In much the same way the student protests in 2010 kick-started the anti-austerity movement, let’s hope today’s brave young climate activists can be the catalysts for change once again. In the quest for climate justice, the combination of young people and workers will be unstoppable.
PCS general secretary, Mark was first elected to the post in December 2000. He was re-elected in 2005, 2009 and again in 2014.
A former clerical officer in the old DHSS, Mark is unique among his peers in other unions having come straight from the shop floor.
Mark is a member of the TUC general council.
With a snap election looking more likely by the day, the time for dismissing Boris Johnson as a gaff-prone buffoon is over. The trade union movement needs to be ready for a contest that will define our country for generations to come.
I was recently listening to the Today programme on Radio 4 and the guests were discussing reports that Theresa May’s closest advisers were struggling to decide on what her legacy should be. I am more than happy to offer my advice.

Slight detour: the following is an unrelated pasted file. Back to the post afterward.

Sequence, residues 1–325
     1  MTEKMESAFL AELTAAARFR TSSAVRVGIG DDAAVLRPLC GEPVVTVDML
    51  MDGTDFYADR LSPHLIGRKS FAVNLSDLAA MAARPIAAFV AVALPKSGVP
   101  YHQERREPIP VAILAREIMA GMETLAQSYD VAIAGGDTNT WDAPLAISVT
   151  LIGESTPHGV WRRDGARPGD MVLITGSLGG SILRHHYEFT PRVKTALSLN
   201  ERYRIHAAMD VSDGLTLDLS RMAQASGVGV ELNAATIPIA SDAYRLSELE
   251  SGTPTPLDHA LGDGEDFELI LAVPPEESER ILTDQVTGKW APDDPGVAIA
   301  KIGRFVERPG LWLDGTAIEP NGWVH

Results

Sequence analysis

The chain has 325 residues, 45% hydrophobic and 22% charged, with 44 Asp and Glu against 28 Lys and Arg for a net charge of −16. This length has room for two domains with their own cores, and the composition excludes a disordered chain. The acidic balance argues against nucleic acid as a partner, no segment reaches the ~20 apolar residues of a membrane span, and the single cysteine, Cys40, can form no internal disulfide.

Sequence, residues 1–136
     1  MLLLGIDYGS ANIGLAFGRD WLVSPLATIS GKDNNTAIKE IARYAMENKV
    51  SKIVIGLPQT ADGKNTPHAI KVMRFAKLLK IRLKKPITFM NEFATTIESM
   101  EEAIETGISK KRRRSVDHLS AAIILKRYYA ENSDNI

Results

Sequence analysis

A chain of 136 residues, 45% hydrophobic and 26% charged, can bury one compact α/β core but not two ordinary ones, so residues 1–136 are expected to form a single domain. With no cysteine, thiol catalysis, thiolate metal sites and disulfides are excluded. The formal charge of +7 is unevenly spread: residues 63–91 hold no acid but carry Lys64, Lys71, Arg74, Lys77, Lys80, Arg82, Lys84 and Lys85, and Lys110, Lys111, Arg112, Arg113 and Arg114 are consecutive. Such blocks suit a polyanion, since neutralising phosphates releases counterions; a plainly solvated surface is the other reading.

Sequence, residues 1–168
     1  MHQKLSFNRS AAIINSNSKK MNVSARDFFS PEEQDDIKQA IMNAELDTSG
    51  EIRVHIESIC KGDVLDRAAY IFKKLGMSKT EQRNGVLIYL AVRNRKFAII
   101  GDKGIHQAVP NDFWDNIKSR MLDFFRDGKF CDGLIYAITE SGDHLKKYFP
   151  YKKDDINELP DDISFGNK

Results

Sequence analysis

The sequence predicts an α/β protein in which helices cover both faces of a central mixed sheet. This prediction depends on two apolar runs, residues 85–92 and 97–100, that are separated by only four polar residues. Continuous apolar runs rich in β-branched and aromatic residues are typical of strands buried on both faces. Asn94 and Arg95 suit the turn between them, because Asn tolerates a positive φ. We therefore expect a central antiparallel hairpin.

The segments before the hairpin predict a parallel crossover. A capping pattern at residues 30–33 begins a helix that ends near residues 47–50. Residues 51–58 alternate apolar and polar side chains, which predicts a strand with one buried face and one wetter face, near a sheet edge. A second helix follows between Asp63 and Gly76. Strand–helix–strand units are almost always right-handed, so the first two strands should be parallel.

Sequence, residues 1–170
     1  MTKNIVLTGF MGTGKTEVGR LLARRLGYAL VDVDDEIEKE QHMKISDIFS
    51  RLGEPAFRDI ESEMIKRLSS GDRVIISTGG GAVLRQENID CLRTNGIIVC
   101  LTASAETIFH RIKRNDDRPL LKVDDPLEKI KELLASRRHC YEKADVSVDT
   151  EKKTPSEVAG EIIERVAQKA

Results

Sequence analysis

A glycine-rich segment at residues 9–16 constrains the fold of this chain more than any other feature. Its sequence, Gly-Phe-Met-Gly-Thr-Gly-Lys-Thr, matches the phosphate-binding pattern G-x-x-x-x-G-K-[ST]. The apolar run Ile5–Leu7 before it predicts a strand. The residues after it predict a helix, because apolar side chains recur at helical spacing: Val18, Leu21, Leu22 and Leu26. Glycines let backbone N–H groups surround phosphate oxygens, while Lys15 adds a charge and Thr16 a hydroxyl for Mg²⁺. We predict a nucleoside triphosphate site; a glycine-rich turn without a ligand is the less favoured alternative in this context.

Yet again civil and public servants have been monumentally betrayed on pay and pensions. But PCS is more determined than ever to right these wrongs.
PCS general secretary Mark Serwotka defends the role of Home Office staff and criticises government immigration policies which have led directly to the Windrush scandal. This article originally appeared in The Guardian.
Today we are launching a crucial ballot of public sector workers as part of our campaign to end the 1% pay cap, and secure pay increases for PCS members. We have been campaigning against the pay cap since it was introduced and I am proud we have fought austerity pay from the beginning.
You can’t make those policies popular, no one will vote for them, it’s electoral suicide. So goes the mantra when you argue for proper funding for our public services and those who work in them.
We have seen a fundamental shift in British politics at this general election. For the first time in decades there was a clear choice between what the two main parties were offering.
On Monday I spoke at an event — organised by Labour and alongside several other trade unions representing public sector workers — on the impact of cuts to public services and our safety and security.
Next week sees PCS’s annual delegate conference (ADC) in Brighton. This year’s conference comes in the midst of a snap general election, and one with the clearest choice for decades; from economic policy, to taxation, to public services, the Conservatives and Labour offer fundamentally different approaches.